Some might find yob-watching better than dealing with a night of the music known as hardcore/jungle. This new sound is “dark, nasty, ugly music for dark, nasty, ugly people” (that’s a fan talking) and is undoubtedly London’s next gift to world music. Even the club fiends who like extreme techno (which sounds like jackhammers) hate hardcore/jungle. At 180bpm, the beats are so fast and furious that your insides and eyeballs vibrate.

The best hardcore in London is probably found in warehouses or in the council estates of urban wastelands like Hackney or Stoke Newington. The Laserdrome and the Paradise will give you the general idea. When I drop by the Paradise on Thursday night, even the shadows look nasty to me. Most of the individuals I try to talk to can’t speak – except one guy to my right, who mumbles so that I can hardly hear it: “No wonder they’re all on crack.”

After an evening of hardcore, it’s always a relief to hear a guitar chord. Or something as crazy as a lyric. Still, as I walk onto the dance floor at Silver in Camden High Street, I can’t help but think that, like a clean-living politician, a good grunge club is virtually a contradiction in terms. Since you really can’t dance to grunge, hanging at a grunge club will always be like going to a gig where there’s no band to look at. At Silver, they even have an empty stage for you to watch.

London grunge fiends like to look down on those kids from Seattle (call that rain ?) for being too healthy, too rich, and above all too macho. The American singers they like most are the ones who wear dresses – like Michael Stipe, Evan Dando, and the late Kurt Cobain.

Here at the Underworld, the first thing I see is two pale English girls in flowery frocks, pogoing as they chant the words to Nirvana’s ‘Rape Me’.

A pair of grunge fans are pushing toward the bar, groaning, “Oh, no – fashion beer !” as they spot the telltale yuppie bottles with limes stuffed in.

The bar itself is usually lined with minor players from London’s rock world: members of Suede, the Charlatans, Elastica, Pulp and Blur. Two of the players are talking about the latest rock rumour. A certain member of the Sex Pistols (all right, Steve Jones) has discovered Iron John.
“The stupid prat’s running around the woods all the time, bollock-naked,” jokes one musician. He’d be all right at this club, I think, remembering a scrawled bit of paper near the entrance that reads NO SUITS.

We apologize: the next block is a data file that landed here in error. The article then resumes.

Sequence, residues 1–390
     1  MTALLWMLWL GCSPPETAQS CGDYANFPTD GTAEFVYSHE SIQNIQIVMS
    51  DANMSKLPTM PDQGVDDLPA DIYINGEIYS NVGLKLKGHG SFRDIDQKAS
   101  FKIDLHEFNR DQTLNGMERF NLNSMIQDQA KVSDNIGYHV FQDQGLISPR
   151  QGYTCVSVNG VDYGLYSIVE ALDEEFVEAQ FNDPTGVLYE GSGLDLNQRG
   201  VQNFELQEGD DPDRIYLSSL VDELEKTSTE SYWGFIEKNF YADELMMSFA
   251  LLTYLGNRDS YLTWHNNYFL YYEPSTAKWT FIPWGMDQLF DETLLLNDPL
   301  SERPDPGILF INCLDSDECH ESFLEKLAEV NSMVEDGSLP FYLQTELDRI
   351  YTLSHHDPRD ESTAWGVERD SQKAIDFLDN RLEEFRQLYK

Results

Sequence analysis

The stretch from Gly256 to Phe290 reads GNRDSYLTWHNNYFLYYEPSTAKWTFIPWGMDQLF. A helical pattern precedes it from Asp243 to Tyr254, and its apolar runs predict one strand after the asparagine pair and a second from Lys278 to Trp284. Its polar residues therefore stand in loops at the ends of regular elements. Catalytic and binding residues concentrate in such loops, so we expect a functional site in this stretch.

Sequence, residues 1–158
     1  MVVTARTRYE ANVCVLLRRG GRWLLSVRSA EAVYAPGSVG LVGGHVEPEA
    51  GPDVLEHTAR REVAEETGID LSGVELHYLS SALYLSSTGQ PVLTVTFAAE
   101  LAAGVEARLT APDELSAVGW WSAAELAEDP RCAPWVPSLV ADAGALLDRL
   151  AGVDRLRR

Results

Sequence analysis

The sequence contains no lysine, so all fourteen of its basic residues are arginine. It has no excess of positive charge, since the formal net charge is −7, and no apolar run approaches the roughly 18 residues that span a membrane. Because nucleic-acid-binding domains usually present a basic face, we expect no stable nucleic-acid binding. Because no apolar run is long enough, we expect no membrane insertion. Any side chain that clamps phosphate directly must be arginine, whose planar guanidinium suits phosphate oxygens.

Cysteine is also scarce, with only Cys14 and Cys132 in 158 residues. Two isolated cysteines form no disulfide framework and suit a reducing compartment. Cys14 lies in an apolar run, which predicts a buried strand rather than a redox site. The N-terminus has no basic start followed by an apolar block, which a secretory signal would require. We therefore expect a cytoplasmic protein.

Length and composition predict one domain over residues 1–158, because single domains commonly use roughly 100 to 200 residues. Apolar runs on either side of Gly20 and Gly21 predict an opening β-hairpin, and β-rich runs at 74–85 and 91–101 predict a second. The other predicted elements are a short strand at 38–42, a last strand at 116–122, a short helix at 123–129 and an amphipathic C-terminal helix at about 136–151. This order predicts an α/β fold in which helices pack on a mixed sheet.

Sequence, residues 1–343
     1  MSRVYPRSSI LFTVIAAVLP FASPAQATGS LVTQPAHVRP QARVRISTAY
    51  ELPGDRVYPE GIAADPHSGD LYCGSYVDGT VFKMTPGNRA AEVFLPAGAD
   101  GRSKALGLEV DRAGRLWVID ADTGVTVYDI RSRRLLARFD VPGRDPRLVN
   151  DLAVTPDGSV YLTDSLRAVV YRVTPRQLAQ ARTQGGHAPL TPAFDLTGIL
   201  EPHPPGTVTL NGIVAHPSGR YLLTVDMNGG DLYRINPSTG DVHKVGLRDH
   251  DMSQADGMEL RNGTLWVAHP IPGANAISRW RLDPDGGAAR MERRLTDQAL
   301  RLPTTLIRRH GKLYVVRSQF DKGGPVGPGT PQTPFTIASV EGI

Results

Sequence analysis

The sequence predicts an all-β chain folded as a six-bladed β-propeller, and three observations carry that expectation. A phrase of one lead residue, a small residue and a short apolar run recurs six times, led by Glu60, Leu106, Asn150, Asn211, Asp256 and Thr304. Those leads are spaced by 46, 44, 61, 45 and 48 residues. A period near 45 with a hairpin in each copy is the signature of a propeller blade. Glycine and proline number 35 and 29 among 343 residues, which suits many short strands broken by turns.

But I’m getting tired of hanging out with the unwashed and the underdressed. That’s how I find myself, late on a Thursday night, in the highest, airiest reaches of Fashionable Clubland: drifting round the Drum Club in Craven Street under the Arches next to Heaven, tuning in to the trancy techno dub.

Somehow, I end up on a metal walkway overlooking the cavernous, teeming dance floor. The Drum Clubber standing next to me is coolly stylish. I ask if he’s going to dance.
“Nah,” he replies. “I just come to look down on the cunts.”

The Drum Club caters to one of London’s more deeply fashionable factions, but the word these days is not good: The Drum Club is so very hip that the only people going now are DJs, club promoters, and insiders. This is invariably the beginning of the end of a really good club.

I discover that Pleased is so fashionable you can’t get in even if you’re on the guest list.
“And if you’re not on the guest list ?”
“Then we don’t want you.”

Pleased is set in a long, wide red room with a low ceiling. The crowd here is high fashion – glamorous boys and lovely leggy girls who also happen to be model agency bookers. All the girls have the dress code down pat: Margiela shrunken knit tops, Spanish heels, gray pleated schoolgirl skirts, and pop socks.

Through the mists of drink, I can see a girl who is the spitting image of someone I always fancied at school but never dared approach.
“What’s your name?” I ask her as we head for the bar together.
“Androgyny,” comes the perfectly purred reply.
I resolve to stop chatting up men in dresses.

“Is this Smashing ?” asks a member of the proletariat. The clubgoers waiting in line sigh in unison. If you have to ask…

Smashing is more fashionable than life itself.

This new new-wave cabaret club takes place once a month (sometimes more often) at discreet velvet-clad venues all over the city. The crowd here are ageing punks and young fashion students, dressed up in original ‘70s Vivienne Westwood. They sit at tiny candlelit tables in their red hunting coats, Seditionaries T-shirts, and bondage trousers, accepting cucumber sandwiches (“with the crusts cut off”) from cool-mannered hostesses.
Keanu Reeves, Deborah Harry and Jean Paul Gaultier have been known to drop by.

When I remark, “It’s always been fashionable to be unfashionable,” a nearby dandy snaps quickly back, “Yeah, but not as fashionable as being fashionable.”

The evening closes with a few style victims doing the hokey-pokey to ‘Lust For Life’.

Smashing is perfect London: good-looking, hip, and rowdy. But not as rowdy as Someone’s Yearning or Fantasy Ashtray at the Leisure Lounge, two post-punk clubs where the DJs will play anything from Nirvana, the Breeders, and Renegade Soundwave to Parliament, House of Pain, and the Brand New Heavies.

These places are wild and dirty, mad and sexy. On a Saturday night, the crowd at Someone’s Yearning looks shabbily glamorous, as befits the venue: Winston Churchill’s favourite gentlemen’s club.

Pale stringy girls wear Marie Antoinette wigs, Westwood platforms, fake fur coats, and slut’s underwear. One girl there is wearing children’s panties and wings. At the back, three fantastically ropy old tarts in tattoos and lingerie are performing what is surely the closest England gets to the dancing in Blue Velvet.